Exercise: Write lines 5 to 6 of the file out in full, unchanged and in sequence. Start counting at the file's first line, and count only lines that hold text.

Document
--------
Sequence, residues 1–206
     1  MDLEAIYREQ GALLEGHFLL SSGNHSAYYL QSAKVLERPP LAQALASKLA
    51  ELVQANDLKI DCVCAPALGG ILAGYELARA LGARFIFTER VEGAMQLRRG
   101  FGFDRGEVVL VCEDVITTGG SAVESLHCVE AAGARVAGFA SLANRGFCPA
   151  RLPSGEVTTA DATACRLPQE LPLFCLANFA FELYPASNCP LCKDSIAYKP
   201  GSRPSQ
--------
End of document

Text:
   151  RLPSGEVTTA DATACRLPQE LPLFCLANFA FELYPASNCP LCKDSIAYKP
   201  GSRPSQ